Capitec analysts defy Viceroy's 'predatory' attack on shares

Johannesburg - Short-seller Viceroy Research’s damning report on Capitec Bank may have been the talk of South Africa’s markets, but its devastating impact on the firm’s shares is already waning.

Several analysts have increased their ratings on Capitec since Viceroy issued a report questioning the state of the company’s finances January 30. The report hastened a drop in the firm’s shares, which plunged 25% in the four days through Wednesday. The stock rose for a second day on Friday in its biggest two-day gain since 2004, retracing more than half its losses.

The rebound came after Capitec said customers are sticking with the bank and the National Treasury called for a probe into the “reckless” way in which Viceroy criticized the company’s lending practices, only to profit from bets against the stock.

A roundup of the analyst calls:

  • UBS Group’s Stephan Potgieter changed his sell rating, in place for two years, to neutral on February 2. He kept his R920, 12-month target price (versus a closing price of R924).
  • Arqaam Capital Ltd. analyst Jaap Meijer kept his buy rating, while upping his target price to R1 074.
  • Elan Levy at Morgan Stanley held his equal-weight/in-line recommendation and price target of R875.
  • JPMorgan Chase & Co.’s John Storey stuck to his overweight rating with a R950 target.
  • Avior Capital Markets analyst Harry Botha maintained his underperform rating, while saying the decline is a buying opportunity. His target price is R1 008.62.

Some analysts were scathing about Viceroy’s motives in publishing the report.

“Viceroy is not an independent and credible research firm,” said Iraj Abedian, head of Pan-African Investments and Research Services, an associate of New York-based Global Source Partners Inc., who has advised the South African government on economic policy.

“Short-selling is not illegal, but pretending to be a research house while they’re a hedge-fund operator, making money in a predatory style, is breaching the codes of ethics.”

‘Shoddy’ analysis

Viceroy founder Fraser Perring responded to the criticism from the Treasury late on Friday, saying in a phone interview that it was “ironic that they would prefer to take the company’s stance without checking if the information is accurate.”

Capitec’s shares rose 9.4% on Friday in Johannesburg, extending their gains over the past two days to about 15%. Short interest in the stock increased to 1.28% of the shares outstanding on January 31 from 1.16% on January 26, when Capitec started falling, according to IHS Markit data.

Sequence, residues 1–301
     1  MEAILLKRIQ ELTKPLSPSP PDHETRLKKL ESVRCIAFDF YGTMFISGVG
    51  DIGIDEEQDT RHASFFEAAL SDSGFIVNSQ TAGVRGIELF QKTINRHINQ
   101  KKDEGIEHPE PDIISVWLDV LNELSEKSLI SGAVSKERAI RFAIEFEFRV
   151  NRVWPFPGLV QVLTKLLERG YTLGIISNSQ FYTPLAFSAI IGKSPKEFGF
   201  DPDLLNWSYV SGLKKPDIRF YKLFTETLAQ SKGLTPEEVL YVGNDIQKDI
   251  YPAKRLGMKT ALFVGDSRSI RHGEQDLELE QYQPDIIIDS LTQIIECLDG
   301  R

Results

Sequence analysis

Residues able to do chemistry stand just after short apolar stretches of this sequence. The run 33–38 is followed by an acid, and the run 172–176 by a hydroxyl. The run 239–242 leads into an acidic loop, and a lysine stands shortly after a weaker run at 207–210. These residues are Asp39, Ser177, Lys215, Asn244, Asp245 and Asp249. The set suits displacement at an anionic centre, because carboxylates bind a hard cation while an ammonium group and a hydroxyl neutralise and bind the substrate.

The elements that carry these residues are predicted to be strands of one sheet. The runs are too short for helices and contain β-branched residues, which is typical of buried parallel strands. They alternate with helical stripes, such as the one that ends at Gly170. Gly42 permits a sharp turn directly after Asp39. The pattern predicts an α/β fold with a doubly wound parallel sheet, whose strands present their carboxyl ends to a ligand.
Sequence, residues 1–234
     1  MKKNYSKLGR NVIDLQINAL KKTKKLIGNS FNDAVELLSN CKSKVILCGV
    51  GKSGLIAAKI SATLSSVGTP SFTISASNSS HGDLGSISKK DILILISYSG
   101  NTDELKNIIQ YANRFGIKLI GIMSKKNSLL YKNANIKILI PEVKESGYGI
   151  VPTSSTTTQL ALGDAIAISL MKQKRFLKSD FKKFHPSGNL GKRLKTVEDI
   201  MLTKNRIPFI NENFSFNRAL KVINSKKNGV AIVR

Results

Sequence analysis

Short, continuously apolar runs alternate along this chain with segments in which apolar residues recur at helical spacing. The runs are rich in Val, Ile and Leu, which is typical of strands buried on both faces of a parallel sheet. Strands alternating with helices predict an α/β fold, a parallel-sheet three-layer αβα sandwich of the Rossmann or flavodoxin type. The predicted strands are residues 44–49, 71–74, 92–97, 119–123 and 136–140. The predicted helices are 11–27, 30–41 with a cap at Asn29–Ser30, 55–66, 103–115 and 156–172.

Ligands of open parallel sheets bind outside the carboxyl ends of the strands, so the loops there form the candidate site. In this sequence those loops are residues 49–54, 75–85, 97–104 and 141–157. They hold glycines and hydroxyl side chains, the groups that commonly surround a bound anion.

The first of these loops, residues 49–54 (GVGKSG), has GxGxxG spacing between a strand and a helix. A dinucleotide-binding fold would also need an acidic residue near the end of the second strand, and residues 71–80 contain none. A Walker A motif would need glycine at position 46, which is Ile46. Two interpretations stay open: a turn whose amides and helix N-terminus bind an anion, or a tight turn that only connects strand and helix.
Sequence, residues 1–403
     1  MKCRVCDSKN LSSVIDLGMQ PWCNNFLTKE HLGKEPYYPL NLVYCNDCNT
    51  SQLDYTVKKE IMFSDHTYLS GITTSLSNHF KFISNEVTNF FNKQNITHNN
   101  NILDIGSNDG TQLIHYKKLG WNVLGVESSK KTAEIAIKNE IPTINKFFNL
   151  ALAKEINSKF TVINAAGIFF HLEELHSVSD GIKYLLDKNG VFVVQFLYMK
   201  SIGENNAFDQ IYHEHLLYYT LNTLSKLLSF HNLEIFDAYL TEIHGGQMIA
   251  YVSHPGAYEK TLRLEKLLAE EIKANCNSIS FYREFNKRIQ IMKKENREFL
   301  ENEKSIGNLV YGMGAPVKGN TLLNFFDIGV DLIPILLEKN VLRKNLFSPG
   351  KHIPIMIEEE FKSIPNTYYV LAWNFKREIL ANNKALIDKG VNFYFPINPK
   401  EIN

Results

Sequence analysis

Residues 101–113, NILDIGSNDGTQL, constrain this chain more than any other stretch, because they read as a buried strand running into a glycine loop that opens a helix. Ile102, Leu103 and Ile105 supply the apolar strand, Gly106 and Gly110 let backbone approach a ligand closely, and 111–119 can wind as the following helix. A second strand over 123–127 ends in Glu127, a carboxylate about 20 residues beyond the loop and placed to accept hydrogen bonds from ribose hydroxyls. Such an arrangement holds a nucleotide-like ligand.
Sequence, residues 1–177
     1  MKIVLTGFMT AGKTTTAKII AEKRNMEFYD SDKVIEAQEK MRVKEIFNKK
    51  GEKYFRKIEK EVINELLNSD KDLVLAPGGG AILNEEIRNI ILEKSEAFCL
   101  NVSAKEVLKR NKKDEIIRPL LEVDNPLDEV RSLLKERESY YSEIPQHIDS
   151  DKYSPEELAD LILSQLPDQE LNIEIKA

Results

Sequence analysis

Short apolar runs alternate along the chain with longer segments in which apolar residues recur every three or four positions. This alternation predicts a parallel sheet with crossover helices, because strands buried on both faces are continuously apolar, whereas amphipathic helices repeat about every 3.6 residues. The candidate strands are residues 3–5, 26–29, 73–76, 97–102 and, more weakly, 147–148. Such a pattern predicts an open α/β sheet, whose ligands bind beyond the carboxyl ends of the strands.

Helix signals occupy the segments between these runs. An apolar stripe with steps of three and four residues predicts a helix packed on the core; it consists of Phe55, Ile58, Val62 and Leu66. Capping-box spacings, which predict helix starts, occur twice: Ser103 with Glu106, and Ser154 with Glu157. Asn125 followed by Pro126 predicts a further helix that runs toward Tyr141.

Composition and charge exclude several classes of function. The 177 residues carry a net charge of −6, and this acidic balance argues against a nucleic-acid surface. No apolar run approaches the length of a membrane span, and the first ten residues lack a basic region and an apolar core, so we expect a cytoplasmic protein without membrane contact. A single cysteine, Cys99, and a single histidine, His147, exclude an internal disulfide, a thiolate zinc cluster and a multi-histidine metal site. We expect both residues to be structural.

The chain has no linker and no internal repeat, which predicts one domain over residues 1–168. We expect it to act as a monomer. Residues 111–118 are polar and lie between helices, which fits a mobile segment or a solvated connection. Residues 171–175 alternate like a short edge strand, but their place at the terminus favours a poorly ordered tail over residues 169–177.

“After covering the stock for almost a decade, we have found Capitec’s accounting practices generally to be conservative and the loan book more than adequately provided through various credit and economic cycles,” JPMorgan’s Storey and analyst Behrin Naidoo said in a note to clients dated January 30. “None of the allegations leveled against Capitec is new news, and investors that have followed the name for a while would recognize that.”

In its report on Tuesday, Viceroy, led by a former UK social worker and two Australians, accused Capitec of refinancing defaulted loans with new debt. It said the state should place the finance company into curatorship. Capitec described the analysis as one-sided and inaccurate in press conferences, interviews and statements and responded fully to each of the allegations on its website.

‘No basis’

The central bank and National Treasury didn’t see the same risks as Viceroy. The central bank issued a statement on Tuesday saying that it had no evidence to suggest the lender’s stability was in question, while two days later, the Treasury said “the Viceroy report provides no basis to put any bank under curatorship”.

South Africa’s Financial Services Board is investigating potential market abuse and breaches of the Financial Markets Act regarding Viceroy’s report into Capitec, Solly Keetse, a spokesperson for the Pretoria-based regulator said in an email on Friday. The Johannesburg Stock Exchange hasn’t yet handed over any report on Capitec to the FSB, he said.

The intention of short-sellers “is not to do good”, said Abedian, who is also chairperson of Fortress REIT Ltd., the country’s worst-performing property stock this year.

The real-estate industry has been battered by concerns they may be targeted by short sellers.

“They cause instability and they abuse fault lines within the regulatory market to cause instability and serious financial harm to the retail investors.”

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